Disneyland California employees demand living wage

business June 16, 2018 07:59

By Agence France-Presse
Los Angeles

2,764 Viewed

Disneyland workers descended on the entertainment giant's US corporate headquarters on Friday to hand over a petition with over 120,000 signatures demanding a living wage, organizers said.



The small delegation in Burbank, near Los Angeles, were representing "hundreds," according to the union, who had protested a day earlier at the amusement park in Anaheim, 40 miles (65 kilometers) southeast.

"Disney's profits do not magically appear -- they're gained by the employees who work hard to ensure that visitors have a joyful experience," the petition reads.

"And these profits should be shared with the people who make them happen."

The petition says Disney is getting a $1.5 billion a year windfall from Republican President Donald Trump's tax cuts and complains that workers should not be forced to "sleep in their cars."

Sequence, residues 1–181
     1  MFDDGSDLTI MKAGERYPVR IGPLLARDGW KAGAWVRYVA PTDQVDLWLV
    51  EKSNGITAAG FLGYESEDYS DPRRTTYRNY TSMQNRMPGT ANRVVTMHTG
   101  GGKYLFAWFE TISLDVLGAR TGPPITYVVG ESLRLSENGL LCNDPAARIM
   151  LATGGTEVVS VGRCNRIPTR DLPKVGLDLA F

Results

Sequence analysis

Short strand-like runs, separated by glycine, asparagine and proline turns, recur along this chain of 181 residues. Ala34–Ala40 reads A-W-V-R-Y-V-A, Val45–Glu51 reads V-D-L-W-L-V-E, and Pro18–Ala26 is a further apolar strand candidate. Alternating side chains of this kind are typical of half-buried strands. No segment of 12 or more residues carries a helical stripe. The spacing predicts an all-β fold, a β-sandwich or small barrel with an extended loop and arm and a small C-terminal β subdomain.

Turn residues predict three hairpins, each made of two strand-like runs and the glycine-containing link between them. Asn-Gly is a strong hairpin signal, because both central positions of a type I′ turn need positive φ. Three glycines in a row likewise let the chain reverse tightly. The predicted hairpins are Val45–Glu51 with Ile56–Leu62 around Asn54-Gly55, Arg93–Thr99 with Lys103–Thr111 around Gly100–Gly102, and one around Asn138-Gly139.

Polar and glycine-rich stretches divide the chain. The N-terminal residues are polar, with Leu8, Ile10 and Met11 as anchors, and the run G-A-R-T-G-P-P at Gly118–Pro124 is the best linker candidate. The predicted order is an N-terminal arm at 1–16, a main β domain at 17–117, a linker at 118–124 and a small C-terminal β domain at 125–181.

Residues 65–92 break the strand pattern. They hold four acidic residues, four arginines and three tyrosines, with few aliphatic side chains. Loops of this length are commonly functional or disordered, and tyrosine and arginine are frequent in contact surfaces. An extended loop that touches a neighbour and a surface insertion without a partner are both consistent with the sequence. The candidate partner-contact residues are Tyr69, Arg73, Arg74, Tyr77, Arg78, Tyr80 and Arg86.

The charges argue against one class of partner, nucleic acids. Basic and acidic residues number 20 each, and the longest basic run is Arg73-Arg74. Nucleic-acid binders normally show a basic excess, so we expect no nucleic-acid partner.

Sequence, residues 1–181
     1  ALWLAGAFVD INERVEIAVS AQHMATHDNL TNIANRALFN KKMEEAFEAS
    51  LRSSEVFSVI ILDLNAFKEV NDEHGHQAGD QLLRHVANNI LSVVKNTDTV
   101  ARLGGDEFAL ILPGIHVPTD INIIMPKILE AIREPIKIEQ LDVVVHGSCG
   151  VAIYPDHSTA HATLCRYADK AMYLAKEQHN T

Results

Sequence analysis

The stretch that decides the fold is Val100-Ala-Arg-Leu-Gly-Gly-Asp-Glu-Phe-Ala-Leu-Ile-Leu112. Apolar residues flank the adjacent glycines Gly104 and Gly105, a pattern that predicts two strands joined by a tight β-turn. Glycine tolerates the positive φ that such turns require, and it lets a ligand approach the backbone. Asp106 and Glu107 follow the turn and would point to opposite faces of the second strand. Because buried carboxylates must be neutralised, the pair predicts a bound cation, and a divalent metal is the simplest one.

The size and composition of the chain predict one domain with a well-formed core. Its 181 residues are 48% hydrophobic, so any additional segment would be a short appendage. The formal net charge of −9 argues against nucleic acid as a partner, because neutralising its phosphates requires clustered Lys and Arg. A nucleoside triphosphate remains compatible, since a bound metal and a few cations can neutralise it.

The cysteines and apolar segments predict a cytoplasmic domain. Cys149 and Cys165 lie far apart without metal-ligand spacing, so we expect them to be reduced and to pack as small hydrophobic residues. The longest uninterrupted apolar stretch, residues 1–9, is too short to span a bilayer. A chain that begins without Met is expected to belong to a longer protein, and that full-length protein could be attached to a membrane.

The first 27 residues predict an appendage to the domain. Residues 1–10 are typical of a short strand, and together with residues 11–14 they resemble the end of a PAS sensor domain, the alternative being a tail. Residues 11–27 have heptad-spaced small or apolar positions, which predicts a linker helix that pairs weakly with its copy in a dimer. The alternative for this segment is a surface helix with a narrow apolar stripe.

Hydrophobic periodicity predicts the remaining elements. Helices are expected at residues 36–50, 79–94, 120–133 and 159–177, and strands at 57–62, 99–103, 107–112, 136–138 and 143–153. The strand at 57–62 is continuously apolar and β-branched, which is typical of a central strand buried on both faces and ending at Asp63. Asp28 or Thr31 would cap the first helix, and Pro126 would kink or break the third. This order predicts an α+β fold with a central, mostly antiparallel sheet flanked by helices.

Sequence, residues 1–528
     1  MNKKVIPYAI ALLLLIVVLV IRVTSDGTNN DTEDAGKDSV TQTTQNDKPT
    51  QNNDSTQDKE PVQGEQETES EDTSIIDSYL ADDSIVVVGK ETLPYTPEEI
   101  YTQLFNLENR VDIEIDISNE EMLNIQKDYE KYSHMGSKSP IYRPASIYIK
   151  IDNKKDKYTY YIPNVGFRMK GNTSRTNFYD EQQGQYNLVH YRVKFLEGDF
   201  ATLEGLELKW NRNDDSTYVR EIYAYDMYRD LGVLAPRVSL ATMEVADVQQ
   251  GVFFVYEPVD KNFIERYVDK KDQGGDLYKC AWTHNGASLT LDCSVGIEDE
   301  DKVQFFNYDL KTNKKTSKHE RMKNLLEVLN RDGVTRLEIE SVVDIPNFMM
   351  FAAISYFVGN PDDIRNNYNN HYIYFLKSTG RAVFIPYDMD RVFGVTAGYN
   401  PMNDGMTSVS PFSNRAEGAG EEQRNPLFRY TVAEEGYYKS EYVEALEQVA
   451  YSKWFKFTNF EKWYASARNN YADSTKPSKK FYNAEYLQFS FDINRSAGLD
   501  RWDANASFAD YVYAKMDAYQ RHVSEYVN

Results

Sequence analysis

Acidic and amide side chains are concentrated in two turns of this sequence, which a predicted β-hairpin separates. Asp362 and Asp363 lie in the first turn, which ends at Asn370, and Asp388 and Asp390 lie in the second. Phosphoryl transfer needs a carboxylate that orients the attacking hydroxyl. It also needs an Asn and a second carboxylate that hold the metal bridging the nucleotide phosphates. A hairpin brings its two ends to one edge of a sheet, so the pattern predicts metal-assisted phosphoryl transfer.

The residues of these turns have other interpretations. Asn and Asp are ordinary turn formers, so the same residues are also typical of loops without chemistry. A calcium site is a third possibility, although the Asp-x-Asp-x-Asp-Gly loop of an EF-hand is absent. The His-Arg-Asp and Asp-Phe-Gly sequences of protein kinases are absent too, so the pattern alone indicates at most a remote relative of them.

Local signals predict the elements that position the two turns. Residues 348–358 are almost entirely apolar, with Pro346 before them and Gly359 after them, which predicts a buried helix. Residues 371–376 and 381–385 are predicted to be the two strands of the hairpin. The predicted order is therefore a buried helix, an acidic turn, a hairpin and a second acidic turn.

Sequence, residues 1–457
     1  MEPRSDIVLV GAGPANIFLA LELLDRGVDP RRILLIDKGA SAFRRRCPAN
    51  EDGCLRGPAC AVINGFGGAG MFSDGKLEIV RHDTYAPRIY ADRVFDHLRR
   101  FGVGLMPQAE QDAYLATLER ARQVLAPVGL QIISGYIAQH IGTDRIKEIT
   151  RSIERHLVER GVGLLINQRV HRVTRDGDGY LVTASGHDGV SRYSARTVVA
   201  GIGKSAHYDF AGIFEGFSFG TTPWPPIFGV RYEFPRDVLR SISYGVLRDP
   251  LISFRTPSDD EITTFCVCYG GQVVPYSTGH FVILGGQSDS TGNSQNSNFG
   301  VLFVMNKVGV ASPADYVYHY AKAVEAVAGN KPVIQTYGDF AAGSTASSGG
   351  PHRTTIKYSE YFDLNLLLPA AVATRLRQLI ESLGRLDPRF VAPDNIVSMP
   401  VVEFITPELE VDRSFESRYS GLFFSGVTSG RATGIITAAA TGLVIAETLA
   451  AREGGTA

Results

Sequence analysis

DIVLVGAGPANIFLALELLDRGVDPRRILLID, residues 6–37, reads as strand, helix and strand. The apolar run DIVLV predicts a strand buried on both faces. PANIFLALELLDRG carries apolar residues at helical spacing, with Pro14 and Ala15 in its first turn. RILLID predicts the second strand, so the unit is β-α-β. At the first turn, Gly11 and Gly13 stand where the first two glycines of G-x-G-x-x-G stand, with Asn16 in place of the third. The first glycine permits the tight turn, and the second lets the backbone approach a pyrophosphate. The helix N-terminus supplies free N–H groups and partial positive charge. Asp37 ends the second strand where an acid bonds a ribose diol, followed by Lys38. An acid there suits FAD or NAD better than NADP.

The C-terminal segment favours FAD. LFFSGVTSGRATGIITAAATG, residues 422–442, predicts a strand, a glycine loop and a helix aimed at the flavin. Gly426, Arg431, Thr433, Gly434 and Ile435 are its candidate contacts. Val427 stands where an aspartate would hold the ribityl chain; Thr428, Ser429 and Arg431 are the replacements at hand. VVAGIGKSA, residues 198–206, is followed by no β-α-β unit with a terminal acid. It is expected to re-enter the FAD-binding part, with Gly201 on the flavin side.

The company has offered 9,500 of its 30,000 employees -- whom it says already earn above the $11 minimum hourly rate -- a phased 36 percent increase that would see their rate rise to $15 by 2020.

That benchmark isn't due to be set as the minimum wage until 2022, meaning Disneyland is two years ahead of the law.

Union activists argue that most Disneyland employees struggle from paycheck to paycheck, and have persuaded city councillors to consider placing a pay increase on the November mid-term election ballot.

The measure would require Disneyland and other Anaheim companies benefiting from local government subsidies to pay workers at least $15 an hour by January 1, rising to $18 by 2022.

Disneyland called the demand a "blatant stunt" that amounted to nothing more than "political grandstanding," and warned that such an increase would have "severe, unintended negative consequences."

The park is supported by a coalition of local business, labor and community leaders who describe the measure as a "job killer."

The Walt Disney Company's latest quarterly results showed an on-year leap in profits of 23 percent, thanks in large part to the good financial health of its amusement parks.

A study published by Los Angeles-based liberal arts school Occidental College earlier this year stated that one in 10 Disneyland employees were homeless and that most could not afford three meals a day.

Disneyland dismisses the survey as unscientific, inaccurate and politically motivated, saying only 16 percent of the workforce responded.